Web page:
Prominent Republicans want to review part of the Constitution that grants automatic citizenship to babies born to illegal immigrants on American soil.
In another effort to stop illegal immigrants from sneaking across the border, some Republican senators said it shouldn't be automatic for their children to become American citizens if they are born here.
"To have a child in America, they cross the border, they go to the emergency room, have a child, and that child's automatically an American citizen," Sen. Lindsay Graham, R-S.C., said. "That shouldn't be the case."
Constitutional law expert Bradley Jacob, with Regent University, offered more insight on the issue of "birthright citizenship," on the Aug. 6 edition of CBN Newswatch. Click play for more, following this report.
"It's a rather unseemly business, and I think we ought to have some hearings and take a look at it," Senate Minority Leader Mitch McConnell, R-Ky., said.
McConnell still believes Washington's immigration focus should remain on border security. However, he said he will look into reports of businesses that help illegal immigrants have babies in the United States in order to win their children U.S. citizenship.
Other senators who have concerns about birthright citizenship include Arizona Sens. John McCain and Jon Kyl, Sen. Jeff Sessions, R-Ala., and Graham.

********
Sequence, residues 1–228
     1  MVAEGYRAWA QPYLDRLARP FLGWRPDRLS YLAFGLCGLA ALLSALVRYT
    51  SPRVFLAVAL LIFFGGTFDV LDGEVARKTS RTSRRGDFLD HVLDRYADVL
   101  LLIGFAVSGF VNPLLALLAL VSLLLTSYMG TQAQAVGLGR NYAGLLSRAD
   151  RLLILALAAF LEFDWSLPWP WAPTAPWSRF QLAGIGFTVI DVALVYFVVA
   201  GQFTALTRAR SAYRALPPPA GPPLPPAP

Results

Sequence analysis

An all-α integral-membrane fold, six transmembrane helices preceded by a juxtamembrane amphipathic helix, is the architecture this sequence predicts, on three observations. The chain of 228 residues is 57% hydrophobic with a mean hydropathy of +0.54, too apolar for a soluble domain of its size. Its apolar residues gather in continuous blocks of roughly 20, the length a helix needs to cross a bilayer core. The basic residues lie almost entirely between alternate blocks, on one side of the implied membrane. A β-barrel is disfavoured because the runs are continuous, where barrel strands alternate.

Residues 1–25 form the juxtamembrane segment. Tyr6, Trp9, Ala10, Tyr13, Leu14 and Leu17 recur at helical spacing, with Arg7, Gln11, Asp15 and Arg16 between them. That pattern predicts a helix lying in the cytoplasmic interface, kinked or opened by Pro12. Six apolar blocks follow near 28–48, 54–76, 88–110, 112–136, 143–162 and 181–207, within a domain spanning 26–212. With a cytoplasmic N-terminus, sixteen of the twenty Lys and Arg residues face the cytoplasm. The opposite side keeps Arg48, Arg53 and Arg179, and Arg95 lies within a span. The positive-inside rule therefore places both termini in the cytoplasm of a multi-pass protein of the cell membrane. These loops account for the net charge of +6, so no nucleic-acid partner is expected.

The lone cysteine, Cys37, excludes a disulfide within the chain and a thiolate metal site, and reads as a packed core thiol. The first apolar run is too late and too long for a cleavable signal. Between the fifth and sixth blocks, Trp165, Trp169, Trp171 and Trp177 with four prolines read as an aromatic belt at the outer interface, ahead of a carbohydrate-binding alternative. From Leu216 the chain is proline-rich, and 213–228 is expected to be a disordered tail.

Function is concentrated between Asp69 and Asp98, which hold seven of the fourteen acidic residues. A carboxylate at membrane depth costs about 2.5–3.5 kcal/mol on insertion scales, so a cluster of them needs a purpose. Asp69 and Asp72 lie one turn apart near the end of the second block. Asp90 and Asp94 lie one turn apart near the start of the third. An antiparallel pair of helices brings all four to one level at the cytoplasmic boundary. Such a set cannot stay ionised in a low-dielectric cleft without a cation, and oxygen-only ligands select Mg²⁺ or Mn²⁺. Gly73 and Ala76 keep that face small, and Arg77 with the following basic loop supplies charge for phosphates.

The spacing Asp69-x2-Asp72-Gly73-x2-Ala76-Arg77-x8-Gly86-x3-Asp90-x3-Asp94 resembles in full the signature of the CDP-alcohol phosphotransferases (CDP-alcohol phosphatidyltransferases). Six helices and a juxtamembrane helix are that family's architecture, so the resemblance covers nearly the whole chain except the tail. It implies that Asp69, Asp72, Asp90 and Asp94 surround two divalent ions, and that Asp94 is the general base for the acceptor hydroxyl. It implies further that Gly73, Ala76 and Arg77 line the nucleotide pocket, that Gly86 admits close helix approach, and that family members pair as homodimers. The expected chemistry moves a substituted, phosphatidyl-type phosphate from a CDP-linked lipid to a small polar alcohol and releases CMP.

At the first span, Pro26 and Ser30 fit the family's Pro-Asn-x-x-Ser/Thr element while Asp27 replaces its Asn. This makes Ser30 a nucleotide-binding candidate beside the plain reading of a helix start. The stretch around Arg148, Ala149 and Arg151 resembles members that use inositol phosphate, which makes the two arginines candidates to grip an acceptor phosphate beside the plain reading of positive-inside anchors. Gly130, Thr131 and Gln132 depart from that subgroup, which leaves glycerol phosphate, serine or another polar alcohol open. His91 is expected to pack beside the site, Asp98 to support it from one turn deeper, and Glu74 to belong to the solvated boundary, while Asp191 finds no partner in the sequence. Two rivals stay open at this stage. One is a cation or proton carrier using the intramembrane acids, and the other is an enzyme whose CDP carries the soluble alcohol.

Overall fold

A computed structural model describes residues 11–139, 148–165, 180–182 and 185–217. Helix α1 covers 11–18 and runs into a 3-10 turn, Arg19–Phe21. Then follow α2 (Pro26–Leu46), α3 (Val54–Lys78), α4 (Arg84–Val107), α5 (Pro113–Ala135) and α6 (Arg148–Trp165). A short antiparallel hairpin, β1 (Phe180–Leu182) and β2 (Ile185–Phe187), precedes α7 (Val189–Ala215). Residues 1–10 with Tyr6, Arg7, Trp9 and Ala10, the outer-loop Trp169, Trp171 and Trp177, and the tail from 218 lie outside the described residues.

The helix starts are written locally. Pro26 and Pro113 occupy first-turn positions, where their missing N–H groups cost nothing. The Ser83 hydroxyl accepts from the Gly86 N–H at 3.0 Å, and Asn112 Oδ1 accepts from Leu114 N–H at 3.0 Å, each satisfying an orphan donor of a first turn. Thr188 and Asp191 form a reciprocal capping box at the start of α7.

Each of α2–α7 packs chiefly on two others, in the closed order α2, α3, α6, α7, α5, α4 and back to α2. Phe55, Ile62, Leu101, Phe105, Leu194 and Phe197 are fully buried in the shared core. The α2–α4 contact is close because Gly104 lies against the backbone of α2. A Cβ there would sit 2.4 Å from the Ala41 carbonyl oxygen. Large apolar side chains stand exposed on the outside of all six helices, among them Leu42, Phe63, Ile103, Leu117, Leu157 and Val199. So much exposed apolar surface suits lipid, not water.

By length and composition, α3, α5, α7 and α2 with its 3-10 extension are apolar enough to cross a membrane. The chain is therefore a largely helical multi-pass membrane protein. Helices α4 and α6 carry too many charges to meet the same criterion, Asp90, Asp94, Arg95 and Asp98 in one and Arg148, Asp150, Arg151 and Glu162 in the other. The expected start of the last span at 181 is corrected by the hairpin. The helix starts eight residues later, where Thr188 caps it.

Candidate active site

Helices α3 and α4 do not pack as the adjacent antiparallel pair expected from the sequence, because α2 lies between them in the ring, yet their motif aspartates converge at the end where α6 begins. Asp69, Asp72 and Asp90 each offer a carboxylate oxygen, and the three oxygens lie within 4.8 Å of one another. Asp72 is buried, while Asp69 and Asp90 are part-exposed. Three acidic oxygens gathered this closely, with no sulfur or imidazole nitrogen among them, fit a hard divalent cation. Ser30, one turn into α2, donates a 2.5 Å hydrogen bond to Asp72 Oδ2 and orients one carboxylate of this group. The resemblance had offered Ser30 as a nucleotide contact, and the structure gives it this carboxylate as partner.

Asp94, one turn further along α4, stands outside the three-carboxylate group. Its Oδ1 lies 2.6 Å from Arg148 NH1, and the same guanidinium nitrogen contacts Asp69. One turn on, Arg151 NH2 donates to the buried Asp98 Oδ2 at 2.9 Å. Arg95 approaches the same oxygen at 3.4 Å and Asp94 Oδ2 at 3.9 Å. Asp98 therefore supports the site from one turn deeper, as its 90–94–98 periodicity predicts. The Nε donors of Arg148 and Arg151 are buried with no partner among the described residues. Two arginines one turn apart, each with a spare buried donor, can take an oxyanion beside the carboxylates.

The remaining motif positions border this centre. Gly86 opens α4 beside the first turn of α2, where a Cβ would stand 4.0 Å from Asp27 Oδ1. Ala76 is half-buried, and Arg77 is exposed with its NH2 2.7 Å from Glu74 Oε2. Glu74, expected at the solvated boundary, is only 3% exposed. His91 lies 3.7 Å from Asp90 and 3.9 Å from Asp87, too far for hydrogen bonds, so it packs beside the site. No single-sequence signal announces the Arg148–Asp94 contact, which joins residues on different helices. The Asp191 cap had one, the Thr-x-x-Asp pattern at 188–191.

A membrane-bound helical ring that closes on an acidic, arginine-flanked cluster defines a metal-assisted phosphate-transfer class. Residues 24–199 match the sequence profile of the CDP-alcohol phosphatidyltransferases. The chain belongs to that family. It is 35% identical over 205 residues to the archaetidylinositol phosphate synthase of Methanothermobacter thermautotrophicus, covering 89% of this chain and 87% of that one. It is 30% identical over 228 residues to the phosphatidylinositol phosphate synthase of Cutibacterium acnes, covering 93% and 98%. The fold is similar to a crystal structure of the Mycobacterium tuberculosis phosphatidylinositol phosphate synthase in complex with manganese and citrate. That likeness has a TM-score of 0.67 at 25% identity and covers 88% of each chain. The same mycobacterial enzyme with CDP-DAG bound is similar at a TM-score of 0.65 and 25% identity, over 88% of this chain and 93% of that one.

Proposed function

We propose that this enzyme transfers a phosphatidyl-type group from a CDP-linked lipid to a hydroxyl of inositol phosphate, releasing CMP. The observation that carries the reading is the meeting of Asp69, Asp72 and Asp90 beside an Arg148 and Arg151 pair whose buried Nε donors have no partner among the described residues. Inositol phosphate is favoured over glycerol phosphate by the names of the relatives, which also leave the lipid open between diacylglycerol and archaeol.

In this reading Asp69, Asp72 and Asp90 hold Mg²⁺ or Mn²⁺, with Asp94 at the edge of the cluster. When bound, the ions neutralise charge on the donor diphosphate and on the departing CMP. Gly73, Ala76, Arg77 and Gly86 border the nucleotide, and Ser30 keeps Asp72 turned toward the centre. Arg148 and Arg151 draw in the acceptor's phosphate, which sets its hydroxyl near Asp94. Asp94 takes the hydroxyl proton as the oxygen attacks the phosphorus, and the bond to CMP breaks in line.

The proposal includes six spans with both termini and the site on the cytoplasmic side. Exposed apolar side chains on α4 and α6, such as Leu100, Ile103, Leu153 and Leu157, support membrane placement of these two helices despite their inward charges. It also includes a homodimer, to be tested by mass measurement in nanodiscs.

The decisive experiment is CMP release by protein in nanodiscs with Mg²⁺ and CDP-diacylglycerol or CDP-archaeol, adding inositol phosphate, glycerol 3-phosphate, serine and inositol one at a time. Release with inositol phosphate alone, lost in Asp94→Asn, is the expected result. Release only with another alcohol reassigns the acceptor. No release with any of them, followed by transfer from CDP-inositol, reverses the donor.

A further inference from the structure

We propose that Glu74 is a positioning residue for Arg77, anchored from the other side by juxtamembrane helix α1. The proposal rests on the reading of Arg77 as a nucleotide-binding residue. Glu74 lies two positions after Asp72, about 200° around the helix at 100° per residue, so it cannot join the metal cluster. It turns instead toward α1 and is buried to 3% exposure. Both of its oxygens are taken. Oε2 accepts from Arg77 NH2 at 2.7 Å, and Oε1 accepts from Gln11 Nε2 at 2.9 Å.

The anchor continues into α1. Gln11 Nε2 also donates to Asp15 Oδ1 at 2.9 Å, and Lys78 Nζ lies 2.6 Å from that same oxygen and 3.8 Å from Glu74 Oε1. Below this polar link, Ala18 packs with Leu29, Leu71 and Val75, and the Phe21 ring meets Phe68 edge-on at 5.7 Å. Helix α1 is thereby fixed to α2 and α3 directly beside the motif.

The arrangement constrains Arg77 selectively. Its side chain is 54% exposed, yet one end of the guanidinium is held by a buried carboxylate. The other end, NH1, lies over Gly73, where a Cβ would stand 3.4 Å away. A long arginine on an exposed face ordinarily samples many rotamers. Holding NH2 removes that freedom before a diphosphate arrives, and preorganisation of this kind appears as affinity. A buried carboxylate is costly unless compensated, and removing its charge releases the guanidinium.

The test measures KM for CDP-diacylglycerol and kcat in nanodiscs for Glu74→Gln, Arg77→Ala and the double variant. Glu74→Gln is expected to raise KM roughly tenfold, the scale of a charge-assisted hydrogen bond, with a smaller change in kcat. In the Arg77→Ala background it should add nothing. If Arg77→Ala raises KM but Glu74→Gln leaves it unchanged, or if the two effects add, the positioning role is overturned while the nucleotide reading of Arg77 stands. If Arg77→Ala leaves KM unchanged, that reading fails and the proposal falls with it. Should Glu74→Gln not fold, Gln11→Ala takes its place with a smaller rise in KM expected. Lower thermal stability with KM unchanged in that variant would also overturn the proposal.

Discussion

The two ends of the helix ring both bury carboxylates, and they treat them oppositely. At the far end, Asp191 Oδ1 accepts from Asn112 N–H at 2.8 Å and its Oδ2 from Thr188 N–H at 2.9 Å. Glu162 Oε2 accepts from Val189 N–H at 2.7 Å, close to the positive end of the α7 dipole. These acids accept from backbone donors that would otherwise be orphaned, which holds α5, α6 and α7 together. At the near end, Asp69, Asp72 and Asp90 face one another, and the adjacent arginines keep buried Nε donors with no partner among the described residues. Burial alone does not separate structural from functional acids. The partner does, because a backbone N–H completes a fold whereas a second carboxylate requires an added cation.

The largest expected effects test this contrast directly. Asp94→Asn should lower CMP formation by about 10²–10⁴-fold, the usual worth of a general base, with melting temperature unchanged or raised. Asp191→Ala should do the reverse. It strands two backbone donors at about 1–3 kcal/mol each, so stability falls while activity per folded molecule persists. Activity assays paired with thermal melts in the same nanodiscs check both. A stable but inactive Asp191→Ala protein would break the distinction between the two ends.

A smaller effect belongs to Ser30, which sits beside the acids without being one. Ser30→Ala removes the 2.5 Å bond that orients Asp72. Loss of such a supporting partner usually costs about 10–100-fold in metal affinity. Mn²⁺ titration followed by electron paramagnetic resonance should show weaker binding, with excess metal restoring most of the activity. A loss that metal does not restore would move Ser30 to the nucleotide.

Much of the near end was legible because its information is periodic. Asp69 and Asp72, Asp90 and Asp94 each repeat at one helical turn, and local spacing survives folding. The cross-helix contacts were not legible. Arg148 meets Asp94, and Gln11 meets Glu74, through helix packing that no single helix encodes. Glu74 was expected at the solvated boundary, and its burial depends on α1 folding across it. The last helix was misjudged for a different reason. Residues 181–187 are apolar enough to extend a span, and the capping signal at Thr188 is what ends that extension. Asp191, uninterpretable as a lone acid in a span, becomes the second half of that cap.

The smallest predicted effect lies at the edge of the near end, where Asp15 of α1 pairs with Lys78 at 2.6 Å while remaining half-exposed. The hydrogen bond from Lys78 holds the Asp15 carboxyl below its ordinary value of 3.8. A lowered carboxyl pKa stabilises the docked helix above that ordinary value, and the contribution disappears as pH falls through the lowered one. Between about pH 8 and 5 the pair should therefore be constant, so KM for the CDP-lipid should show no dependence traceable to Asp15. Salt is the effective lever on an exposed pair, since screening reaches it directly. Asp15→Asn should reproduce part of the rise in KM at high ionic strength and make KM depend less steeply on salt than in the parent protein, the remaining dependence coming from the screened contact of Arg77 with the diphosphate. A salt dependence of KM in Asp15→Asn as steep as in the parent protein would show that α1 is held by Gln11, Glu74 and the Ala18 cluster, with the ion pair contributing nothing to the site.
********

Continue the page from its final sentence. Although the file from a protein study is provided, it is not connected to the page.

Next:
Tea Party Republican Senate candidate Rand Paul of Kentucky was one of the first to address the issue.
"We're the only country I know of that allows people to come in illegally, have a baby, and then that baby becomes a citizen, and I think that should stop also," Paul said.
Stopping it would require changing the Constitution.
The 14th Amendment, which was adopted in 1868 after the Civil War, reads, "All persons born or naturalized in the United States, and subject to the jurisdiction thereof, are citizens of the United States."
At the time, that included recently freed slaves.
Those who are against changing the amendment said it would weaken a fundamental American value and do little to prevent illegal immigration. They also said it would result in bureaucratic hardships for parents giving birth.
"I think it is an issue that deserves discussion," Sen. Bernie Sanders, I-Vt., said. "I think the way it's being presented now is 100 percent political."
Political or not, it is an issue when the Pew Hispanic Center estimates that as of 2008, there were 3.8 million illegal immigrants in the country whose children are U.S. citizens.